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Self-Efficacy and picking exercises

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  • Austin Baraki
    replied
    We mainly use tempo to control intensity, and to allow folks to work "hard" despite the absolute load being lower.

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  • Therealredding
    replied
    Originally posted by Austin Baraki View Post
    A heuristic can involve simply using the movements that provoke symptoms, and either using those with lower loads, or slight modifications to those movements.

    For example, if you have knee pain in the squat (i.e., loaded knee flexion and extension), then either use lighter squats, or any other variations of unilateral or bilateral loaded knee flexion and/or extension. Lunges, lateral lunges, split squats, leg extension, leg curl, leg press, belt/box/pin/pause/tempo squat, specialty bar squat.

    Same goes for any other movement.
    Thanks! Is there any other reason to use tempo work other than to control intensity? When I worked with Derek for my shoulder, he prescribed tempo work or 8-10 @7. Are some movements better with tempo or is it more just mixing things up?

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  • Austin Baraki
    replied
    A heuristic can involve simply using the movements that provoke symptoms, and either using those with lower loads, or slight modifications to those movements.

    For example, if you have knee pain in the squat (i.e., loaded knee flexion and extension), then either use lighter squats, or any other variations of unilateral or bilateral loaded knee flexion and/or extension. Lunges, lateral lunges, split squats, leg extension, leg curl, leg press, belt/box/pin/pause/tempo squat, specialty bar squat.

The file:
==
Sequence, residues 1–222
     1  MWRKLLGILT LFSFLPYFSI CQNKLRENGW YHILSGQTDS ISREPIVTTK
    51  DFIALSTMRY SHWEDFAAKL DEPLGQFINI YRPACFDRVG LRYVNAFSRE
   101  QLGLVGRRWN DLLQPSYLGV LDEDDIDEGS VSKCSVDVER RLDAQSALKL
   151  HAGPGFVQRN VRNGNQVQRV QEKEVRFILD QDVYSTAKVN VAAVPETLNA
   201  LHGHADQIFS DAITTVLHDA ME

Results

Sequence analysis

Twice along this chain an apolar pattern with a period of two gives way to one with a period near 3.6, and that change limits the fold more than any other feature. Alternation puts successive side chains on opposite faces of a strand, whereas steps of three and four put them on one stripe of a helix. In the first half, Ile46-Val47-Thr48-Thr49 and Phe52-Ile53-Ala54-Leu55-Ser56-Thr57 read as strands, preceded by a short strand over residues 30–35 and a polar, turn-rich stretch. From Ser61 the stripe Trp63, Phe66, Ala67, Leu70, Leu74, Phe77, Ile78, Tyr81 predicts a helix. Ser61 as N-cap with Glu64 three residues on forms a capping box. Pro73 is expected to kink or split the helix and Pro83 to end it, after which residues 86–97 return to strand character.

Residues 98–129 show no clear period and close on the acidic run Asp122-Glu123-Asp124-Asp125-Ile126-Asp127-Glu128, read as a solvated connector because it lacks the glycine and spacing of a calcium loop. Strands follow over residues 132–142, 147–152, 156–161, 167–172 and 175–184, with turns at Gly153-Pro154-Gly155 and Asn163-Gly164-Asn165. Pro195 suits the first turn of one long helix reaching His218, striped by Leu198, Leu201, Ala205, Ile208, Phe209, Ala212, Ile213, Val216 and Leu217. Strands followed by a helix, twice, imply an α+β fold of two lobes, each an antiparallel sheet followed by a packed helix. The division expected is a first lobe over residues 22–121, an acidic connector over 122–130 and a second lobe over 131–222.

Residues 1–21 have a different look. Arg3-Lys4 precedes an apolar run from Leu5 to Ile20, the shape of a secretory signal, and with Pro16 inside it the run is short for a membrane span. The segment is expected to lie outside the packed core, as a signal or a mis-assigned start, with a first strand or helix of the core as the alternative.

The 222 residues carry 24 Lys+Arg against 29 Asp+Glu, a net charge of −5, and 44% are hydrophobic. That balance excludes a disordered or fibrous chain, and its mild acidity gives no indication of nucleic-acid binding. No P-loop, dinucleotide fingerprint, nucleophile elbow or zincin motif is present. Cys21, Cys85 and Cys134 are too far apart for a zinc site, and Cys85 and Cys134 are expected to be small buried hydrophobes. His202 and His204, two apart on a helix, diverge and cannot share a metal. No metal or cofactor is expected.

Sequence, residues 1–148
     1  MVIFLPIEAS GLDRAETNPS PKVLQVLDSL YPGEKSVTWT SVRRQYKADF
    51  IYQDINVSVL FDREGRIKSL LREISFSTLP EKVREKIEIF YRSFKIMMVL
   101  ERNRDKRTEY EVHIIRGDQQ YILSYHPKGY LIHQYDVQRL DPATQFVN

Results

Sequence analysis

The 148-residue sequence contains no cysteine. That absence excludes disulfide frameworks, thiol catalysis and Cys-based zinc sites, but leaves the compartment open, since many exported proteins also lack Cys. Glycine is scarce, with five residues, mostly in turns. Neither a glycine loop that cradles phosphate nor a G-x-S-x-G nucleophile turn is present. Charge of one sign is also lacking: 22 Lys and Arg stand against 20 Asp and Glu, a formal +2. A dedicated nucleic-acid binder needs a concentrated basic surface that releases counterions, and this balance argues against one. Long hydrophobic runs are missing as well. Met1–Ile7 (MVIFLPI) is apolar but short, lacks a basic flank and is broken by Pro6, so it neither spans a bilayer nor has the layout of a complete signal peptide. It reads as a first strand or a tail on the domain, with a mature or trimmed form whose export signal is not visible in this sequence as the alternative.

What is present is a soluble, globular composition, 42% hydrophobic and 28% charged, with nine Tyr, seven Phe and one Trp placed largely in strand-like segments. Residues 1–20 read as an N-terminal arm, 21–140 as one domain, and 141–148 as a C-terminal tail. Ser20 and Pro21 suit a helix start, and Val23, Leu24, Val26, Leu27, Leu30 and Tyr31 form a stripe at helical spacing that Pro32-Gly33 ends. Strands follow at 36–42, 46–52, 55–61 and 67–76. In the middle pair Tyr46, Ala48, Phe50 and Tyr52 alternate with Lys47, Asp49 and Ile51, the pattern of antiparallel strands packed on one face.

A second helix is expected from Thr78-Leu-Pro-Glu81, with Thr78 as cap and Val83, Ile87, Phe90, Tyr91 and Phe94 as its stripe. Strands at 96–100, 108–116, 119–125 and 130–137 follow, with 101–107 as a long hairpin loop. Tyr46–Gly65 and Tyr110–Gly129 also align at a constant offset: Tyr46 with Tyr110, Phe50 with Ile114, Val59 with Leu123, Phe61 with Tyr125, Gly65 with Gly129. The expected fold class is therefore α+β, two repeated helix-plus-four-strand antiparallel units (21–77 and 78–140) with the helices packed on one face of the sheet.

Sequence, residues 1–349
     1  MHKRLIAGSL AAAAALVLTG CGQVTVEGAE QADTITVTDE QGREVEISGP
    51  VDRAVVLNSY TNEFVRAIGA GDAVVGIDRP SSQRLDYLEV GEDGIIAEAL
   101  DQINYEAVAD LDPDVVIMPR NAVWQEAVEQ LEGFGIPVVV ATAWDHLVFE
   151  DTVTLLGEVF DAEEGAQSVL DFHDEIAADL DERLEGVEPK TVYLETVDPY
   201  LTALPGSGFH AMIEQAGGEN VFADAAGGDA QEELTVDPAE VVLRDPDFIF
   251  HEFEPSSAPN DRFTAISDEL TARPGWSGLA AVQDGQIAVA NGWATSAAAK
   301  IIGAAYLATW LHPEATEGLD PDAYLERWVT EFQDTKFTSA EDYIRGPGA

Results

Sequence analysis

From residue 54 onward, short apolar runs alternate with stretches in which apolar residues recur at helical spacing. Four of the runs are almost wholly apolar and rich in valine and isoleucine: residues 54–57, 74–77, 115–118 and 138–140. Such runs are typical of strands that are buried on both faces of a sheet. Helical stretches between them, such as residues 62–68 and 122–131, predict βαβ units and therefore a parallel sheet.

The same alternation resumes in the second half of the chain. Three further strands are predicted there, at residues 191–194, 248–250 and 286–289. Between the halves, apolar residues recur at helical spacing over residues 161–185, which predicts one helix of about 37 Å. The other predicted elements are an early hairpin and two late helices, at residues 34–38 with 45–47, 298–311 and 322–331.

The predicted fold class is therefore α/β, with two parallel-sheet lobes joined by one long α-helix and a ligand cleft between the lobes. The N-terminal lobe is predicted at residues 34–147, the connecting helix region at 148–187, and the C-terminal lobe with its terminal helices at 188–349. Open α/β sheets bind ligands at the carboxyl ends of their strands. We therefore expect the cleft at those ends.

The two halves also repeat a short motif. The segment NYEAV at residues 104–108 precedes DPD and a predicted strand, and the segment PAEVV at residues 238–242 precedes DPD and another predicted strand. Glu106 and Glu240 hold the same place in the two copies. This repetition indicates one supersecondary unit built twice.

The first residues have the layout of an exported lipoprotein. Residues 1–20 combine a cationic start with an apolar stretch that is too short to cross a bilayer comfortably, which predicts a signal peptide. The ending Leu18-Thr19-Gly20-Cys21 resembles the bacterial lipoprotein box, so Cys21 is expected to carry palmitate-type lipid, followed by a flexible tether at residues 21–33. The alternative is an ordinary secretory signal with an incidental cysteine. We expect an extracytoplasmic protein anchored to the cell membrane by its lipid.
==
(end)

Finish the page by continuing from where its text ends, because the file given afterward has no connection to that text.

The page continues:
Same goes for any other movement.

    Leave a comment:


  • Therealredding
    started a topic Self-Efficacy and picking exercises

    Self-Efficacy and picking exercises

    Afternoon BBM Pain Guys,

    I have worked through a couple injuries (knee and shoulder) with Derek in the past and I've learned a lot from both my experience and BBM content. One thing I'm still having problems with is picking exercises and set scheme for the area of pain that pop up from time to time. I'm not sure if this is an answerable question, but is there a heuristic or blueprint I could use to figure out which movements to pick for any particular areas (shoulder, arm, chest........) and which set schemes to use? I've recently started back at the gym and I'm starting to get the common aches and pains some people get and I'm hoping to build a tool box of exercises and such that I can pull from when these annoying "injuries" do pop up.

    I have read the "Pain in Training Article" but I'm not sure if it covers the details that I'm looking for.

    Thanks!
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